She's nearly finished, about to change the dressing on an older wound near his hip -- a musket ball, damn him -- when his hand closes on her wrist. He shakes his head, groggy but firm, and so she sets the basin aside and fidgets with the cloth in an effort not to look at him. Her heart has not yet settled, but then again, she's not sure it ever has, not when it comes to him. They're still so long she thinks he has fallen asleep again, but then he reaches for the candle and for her, his hands tangling in her hair, the hem of her chemise. In the darkness, his mouth finds hers.
The next time she comes awake, it is to find her husband surrounding her, his breath deep and damp against the back of her neck, his sleeping body a dead weight atop her own. It has been a long time since she woke in the company of anyone, him least of all, and she is nearly swept away by the nostalgia of it, by comfort and discomfort at once. He is hot and hairy and smells terrible, and she wants him to never move. She keeps her eyes closed whilst this latest madness subsides, her breath matched to his as she feigns sleep, waiting and worrying and wondering what he might do when he finally attains consciousness. Last night he'd been drunk, he'd been exhausted, he'd been wounded -- he'd been anything but conscious -- and this morning, well--
"Captain." A voice from outside, loud but lacking urgency, pulls her from her reverie.
"A few moments," he calls, no hint of sleep in his voice, and her eyes snap open. His breathing hadn't changed; his muscles hadn't tensed. He's got much better at this since last they shared a bed.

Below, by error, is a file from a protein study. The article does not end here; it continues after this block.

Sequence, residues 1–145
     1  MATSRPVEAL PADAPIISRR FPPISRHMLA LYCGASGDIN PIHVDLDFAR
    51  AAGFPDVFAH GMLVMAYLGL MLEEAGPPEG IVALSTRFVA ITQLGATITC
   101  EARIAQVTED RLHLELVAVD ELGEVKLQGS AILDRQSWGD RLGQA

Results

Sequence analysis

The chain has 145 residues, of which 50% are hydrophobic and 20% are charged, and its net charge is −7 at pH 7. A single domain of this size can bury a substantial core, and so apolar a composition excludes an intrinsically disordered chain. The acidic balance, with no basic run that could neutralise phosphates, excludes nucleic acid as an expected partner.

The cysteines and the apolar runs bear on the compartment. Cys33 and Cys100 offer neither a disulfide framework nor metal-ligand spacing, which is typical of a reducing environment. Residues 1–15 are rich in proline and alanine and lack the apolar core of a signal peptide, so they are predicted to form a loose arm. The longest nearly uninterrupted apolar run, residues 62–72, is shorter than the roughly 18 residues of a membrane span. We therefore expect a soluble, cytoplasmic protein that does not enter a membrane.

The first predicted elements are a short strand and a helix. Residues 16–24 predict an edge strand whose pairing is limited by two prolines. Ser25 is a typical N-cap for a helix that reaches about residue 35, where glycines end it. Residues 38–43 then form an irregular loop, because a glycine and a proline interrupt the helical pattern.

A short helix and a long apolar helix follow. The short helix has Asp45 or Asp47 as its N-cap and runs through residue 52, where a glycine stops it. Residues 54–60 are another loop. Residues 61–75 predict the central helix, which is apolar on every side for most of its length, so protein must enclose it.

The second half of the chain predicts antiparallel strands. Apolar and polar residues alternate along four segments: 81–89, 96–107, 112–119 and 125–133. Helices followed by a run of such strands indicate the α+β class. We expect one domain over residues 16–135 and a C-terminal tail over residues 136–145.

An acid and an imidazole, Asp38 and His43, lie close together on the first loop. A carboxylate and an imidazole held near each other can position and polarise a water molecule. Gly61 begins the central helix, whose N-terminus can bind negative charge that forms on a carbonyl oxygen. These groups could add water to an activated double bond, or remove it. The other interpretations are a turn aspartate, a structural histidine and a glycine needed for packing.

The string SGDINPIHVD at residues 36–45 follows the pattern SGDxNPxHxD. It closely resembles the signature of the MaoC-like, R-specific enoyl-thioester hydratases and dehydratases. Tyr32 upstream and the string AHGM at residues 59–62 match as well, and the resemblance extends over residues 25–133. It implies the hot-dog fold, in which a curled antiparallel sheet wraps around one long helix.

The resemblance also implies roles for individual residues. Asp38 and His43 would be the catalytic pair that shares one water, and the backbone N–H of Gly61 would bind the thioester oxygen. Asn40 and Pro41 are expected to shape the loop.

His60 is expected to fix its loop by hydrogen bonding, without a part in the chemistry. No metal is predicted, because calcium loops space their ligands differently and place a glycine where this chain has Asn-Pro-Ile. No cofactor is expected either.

"I did not think you were awake."
Behind her, he moves, and she cannot help but follow, rolling to her back to find him propped above her on one elbow. His face is as impassive as ever, but his body is eloquent: Their legs remain tangled and she can feel him, stiff against her hip, can see the jump of his heartbeat at his throat, and there is a bare tremble in his fingers as he traces the curve of her jaw. "Neither did I."
She closes her eyes against it, not sure why the simple truth stated plainly by this man has more power to move her than all the flowery protestations she's heard from others over the years.
"What?" he asks, eventually.
She shakes her head and bites her lip and cannot look at him. "How many moments is a few?" She twists her hips, her bare thigh sliding slick between his own.
He says nothing, and when she finally prises her eyes open, it's clear he knows her question for the evasion it is. She lifts a hand to his face. "Please," she says. "Not now."
"What then?" he asks. "Why are you here?"
A perfectly reasonable question, and yet it stings. She sighs. As statements go, failing to meet her at the crossroads had not carried the same finality as having her hanged, but even so: It was hardly ambiguous. She'd thought herself over it, but her voice is bitter when she says, "Straight to the point. I suppose you must be anxious to be rid of me."
The movement of his hips is too lacking in subtlety to be anything but a deliberate mirroring of her own attempt a few moments before. "How could you tell?"
"Oh, please," she says with a roll of her eyes and a shove at his chest. He goes easily enough, for all the good it does them in such cramped quarters, but even one scant inch between them seems a relief. "It's morning and there's a warm body in your bed. You'd be at attention for anyone."
"Ah, there it is," he says around a yawn, stretching an arm behind his head and sprawling fully on his back. "Now I am sure I'm awake."
Again she follows him, settling carefully against his body with her head pillowed at the join of his shoulder. "What happened?" Her fingers play at the edge of a slash across his ribs, the stitches she'd given him last night.